It's possible to trade profitably on the Forex, the nearly $2 trillion worldwide currency exchange market. But the odds are against you, even more so if you don't prepare and plan your trades. According to a 2014 Bloomberg report, several analyses of retail Forex trading, including one by the National Futures Association (NFA), the industry's regulatory body, concluded that more than two out of three Forex traders lose money. This suggests that self-education and caution are recommended. Here are some approaches that may improve your odds of taking a profit. Prepare Before You Begin Trading Because the Forex market is highly leveraged -- as much as 50 to 1 -- it can have the same appeal as buying a lottery ticket: some small chance of making a killing. This, however, isn't trading; it's gambling, with the odds long against you. A better way of entering the Forex market is to carefully prepare. Beginning with a practice account is helpful and risk-free. While you're trading in your practice account, read the most frequently recommended Forex trading books, among them Currency Forecasting: A Guide to Fundamental and Technical Models of Exchange Rate Determination, by Michael R. Rosenberg is short, not too sweet and highly admired introduction to the Forex market. Forex Strategies: Best Forex Strategies for High Profits and Reduced Risk, by Matthew Maybury is an excellent introduction to Forex trading. The Little Book of Currency Trading: How to Make Big Profits in the World of Forex, by Kathy Lien is another concise introduction that has stood the test of time. All three are available on Amazon. Rosenberg's book, unfortunately, is pricey, but it's widely available in public libraries. "Trading in the Zone: Master the Market with Confidence, Discipline and a Winning Attitude," by Mark Douglas is another good book that's available on Amazon, and, again, somewhat pricey, although the Kindle edition is not. Use the information gained from your reading to plan your trades before plunging in. The more you change your plan, the more you end up in trouble and the less likely that elusive forex profit will end up in your pocket. Diversify and Limit Your Risks Two strategies that belong in every trader's arsenal are: Diversification: Traders who execute many small traders, particularly in different markets where the correlation between markets is low, have a better chance of making a profit. Putting all your money in one big trade is always a bad idea. Familiarize yourself with ways guaranteeing a profit on an already profitable order, such as a trailing stop, and of limiting losses using stop and limit orders. These strategies and more are covered in the recommended books. Novice traders often make the mistake of concentrating on how to win; it's even more important to understand how to limit your losses. Be Patient Forex traders, particularly beginners, are prone to getting nervous if a trade does not go their way immediately, or if the trade goes into a little profit they get itchy to pull the plug and walk away with a small profit that could have been a significant profit with little downside risk using appropriate risk reduction strategies. In "On Any Given Sunday," Al Pacino reminds us that "football is a game of inches." That's a winning attitude in the Forex market as well. Remember that you are going to win some trades and lose others. Take satisfaction in the accumulation of a few more wins than losses. Over time, that could make you rich!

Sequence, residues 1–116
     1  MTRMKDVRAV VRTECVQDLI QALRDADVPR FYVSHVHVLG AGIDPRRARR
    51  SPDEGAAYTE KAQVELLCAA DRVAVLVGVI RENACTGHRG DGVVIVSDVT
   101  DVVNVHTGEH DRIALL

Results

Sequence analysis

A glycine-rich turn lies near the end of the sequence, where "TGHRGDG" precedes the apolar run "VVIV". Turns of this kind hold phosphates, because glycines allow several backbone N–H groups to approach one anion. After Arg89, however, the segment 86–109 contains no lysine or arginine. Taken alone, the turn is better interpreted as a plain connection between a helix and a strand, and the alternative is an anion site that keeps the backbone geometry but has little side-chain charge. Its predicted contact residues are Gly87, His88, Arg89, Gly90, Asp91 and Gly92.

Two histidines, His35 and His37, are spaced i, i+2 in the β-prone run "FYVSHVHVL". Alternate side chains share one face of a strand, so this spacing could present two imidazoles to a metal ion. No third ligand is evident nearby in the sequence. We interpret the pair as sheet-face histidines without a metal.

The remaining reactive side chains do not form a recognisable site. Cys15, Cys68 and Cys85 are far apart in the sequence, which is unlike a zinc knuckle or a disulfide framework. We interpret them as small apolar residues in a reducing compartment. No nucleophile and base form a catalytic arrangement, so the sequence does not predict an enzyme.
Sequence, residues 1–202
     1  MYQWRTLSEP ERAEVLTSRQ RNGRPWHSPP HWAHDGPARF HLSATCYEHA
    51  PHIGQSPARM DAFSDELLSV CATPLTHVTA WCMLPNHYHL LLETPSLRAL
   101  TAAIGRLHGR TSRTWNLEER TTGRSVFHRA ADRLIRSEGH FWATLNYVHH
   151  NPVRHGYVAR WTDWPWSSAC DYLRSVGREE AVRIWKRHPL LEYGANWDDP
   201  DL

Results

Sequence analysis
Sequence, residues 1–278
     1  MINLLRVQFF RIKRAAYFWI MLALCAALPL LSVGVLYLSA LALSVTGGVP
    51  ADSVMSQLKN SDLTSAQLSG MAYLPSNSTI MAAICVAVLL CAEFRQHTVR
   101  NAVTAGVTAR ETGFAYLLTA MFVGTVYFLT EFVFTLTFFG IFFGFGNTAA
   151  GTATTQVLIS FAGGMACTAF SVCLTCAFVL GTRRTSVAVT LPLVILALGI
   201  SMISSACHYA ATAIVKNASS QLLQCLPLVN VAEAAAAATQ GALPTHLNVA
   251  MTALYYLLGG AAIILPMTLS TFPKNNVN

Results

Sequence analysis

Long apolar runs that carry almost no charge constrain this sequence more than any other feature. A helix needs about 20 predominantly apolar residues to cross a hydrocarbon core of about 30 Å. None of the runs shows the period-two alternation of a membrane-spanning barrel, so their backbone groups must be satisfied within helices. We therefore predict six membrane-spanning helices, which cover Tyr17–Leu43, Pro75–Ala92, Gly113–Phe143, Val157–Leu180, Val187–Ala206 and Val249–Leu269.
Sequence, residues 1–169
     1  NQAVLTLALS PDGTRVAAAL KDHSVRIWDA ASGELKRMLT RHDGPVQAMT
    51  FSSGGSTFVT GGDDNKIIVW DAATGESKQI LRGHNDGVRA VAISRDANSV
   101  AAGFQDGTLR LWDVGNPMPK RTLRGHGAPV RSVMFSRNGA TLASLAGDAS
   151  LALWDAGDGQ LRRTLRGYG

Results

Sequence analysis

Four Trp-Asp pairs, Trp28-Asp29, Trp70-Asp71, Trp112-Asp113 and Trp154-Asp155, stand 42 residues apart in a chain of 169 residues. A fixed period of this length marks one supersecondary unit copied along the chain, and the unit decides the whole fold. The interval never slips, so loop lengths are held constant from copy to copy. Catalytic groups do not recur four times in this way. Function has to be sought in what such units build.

Basil Berry Cake



  • ¾ cup granulated sugar
  • 12 large, fresh basìl leaves
  • Zest of 1 lemon
  • ½ cup (1 stìck) softened butter
  • 1 teaspoon bakìng powder
  • ¼ teaspoon salt
  • 2 large eggs
  • 1 teaspoon vanìlla
  • 1 cup all purpose flour
  • 2 cups mìxed berrìes, such as raspberrìes, blueberrìes, blackberrìes, and strawberrìes (ìf usìng strawberrìes, cut ìnto smaller chunks)
  • ¼ cup aprìcot jam


1. Preheat your oven to 350°F. Grease and flour a 9-inch round springform pan. Cut a circle of parchment paper that matches the bottom of the pan, and place in the pan.
In a food processor, add the sugar, basil leaves, and lemon zest. Turn on the food processor and continue to run until the basil and lemon zest is fully incorporated with the sugar, and there are no visible leaf pieces.
Set aside 1 tablespoon of the sugar, and add the rest to the bowl of a mixer, along with the softened butter, baking powder, and salt. Beat until smooth. Add the eggs one at a time, beating each time until thoroughly combined. Beat in the vanilla.
Stir in the flour on low speed, being careful not to overmix. You will end up with a smooth, thick batter. Spread the batter evenly into your prepared pan––it will be a fairly thin layer. Sprinkle the berries over the cake, and lightly press into the batter. Sprinkle the cake with the remaining sugar.
Bake for 35 minutes, or until a toothpick inserted into the center of the cake comes out clean. Remove from the oven, and allow to cool slightly.

While the cake is cooling, warm up the apricot jam in the microwave or in a small saucepan until warm. Brush the top of the cake with the warm jam. Serve warm or at room temperature––either on its own, or with whipped cream and fresh berries.
3. More Steps,,,


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